In my May 18 post, The Informational Interview – It’s Not a Thing! I wrote that there are three different types of informational interviews – the Career Exploration Informational, the Company Insider Conversation and the Hiring Manager Meeting. The third type is the most likely to result in a job.
If you’re thinking of pursuing such meetings, you probably have a few questions.
Won’t I get a job faster if I focus on applying to current openings?
In most cases, no. If you have lots of well-placed contacts and can get referred into interviews, great. Otherwise, you need to develop those contacts, and it’s hard to do that at the last minute. Informational interviews allow you to build those contacts and relationships ahead of time. And as for applying to jobs without a connection, only about 20-25% of jobs are filled that way.
Why would they want to meet with me when there’s no open position?
Many hiring managers find it valuable to meet with prospective job candidates even when they don’t have an open position. Informational interviews allow them to develop a “bench” of qualified people in advance.
That way, a future opening can be filled more quickly and easily – perhaps by hiring you.
By “hiring manager,” do you mean that they’re currently hiring?
No, because if they’re currently hiring for your position you probably won’t be able to get an informational interview with them! Instead you’ll have to compete with many other candidates for a phone screening with Human Resources, then, hopefully, a job interview with the manager. Instead, talk to managers who don’t yet have an opening. Because then when they do, you’ll be way ahead of the crowd.
How do I get this kind of informational interview?
Mainly, through networking and through informationals of the type I call the Company Insider Conversation. Even if such a conversation doesn’t lead to a Hiring Manager Meeting, it may lead to a referral once there is an opening. Job seekers who keep busy having these kinds of conversations tend to get hired faster than those who spend most of their time applying to openings online.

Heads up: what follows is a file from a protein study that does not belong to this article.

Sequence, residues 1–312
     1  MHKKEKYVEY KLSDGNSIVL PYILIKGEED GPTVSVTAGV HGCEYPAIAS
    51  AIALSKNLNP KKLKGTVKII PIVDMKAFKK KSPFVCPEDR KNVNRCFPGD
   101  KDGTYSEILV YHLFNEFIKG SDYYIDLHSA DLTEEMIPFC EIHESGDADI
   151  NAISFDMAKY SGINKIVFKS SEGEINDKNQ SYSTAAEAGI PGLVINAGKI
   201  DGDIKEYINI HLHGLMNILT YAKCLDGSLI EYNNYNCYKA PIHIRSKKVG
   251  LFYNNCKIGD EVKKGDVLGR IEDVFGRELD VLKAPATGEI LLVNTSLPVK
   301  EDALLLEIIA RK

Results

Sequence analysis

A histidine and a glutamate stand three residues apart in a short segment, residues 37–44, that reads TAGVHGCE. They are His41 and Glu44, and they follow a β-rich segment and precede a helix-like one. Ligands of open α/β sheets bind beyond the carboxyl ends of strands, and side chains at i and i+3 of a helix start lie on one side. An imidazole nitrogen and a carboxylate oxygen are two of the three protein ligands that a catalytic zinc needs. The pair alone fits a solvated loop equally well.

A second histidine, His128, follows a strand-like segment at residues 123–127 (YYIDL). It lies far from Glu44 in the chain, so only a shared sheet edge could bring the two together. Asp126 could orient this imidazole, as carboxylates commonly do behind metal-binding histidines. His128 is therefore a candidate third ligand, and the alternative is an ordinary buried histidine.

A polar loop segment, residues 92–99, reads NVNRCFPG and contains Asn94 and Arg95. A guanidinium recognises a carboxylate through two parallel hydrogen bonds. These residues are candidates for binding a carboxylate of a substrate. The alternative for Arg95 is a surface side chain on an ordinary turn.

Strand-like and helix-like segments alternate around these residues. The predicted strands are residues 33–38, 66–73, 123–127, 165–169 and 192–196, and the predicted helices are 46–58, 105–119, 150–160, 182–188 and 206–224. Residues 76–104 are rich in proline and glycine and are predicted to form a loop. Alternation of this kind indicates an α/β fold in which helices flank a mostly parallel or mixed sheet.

How is the agenda different in the Hiring Manager Meeting?
In the other types of informational interviews you need to downplay the fact that you’re looking for a job in order to put your contact at ease. With the manager you should be up front about your interest in working for her. This meeting is very much like a job interview: you’ll be selling yourself as a potential candidate.
How do I do that?
Pretty much the same way you’d do that in a job interview. For example:
- Know your key selling points and proactively bring them up. A good salesperson always knows and emphasizes the top features of their product that are most likely to excite their customer. This is so important that I devoted the first chapter of my interview preparation guide to a step-by-step process of identifying your “REV Points.” As of this writing I’m giving away that first chapter as a free gift for subscribing to this blog.
- Make a good impression and connect well with the interviewer. Be on time, appropriately dressed (as for a job interview). Smile. Make conversation. Take a sincere interest in the manager and her department.
- Be consultative. Ask about the department’s and company’s goals and challenges. Look for ways to be a resource.
- Be prepared with solid answers to common interview questions like “Would you tell me about yourself?”, “Why are you interested in this company?” and “What are your strengths and weaknesses?”
- Be ready to tell concise, clear stories that demonstrate your abilities and how you’ve made a difference for past employers.
Follow up to ensure the manager will remember you.
- Send a well written thank-you message within 24 hours reiterating your interest and why you’d be a good fit for future openings.
- Keep in touch via friendly updates on a regular basis to let her know you’re still interested. Otherwise, her promise to “keep you in mind” may quickly fade from their memory. Use a system to schedule follow-ups – Outlook tasks, a contact management system like Jibberjobber or even an old-fashioned tickler file.
- Connect on LinkedIn and other social media as appropriate, and make a point of regularly looking through your updates and news feed for opportunities to interact.
This post concludes my series about informational interviews as an important job search tool. I hope I’ve convinced you to at least experiment with them, because they can greatly shorten the path to your next opportunity!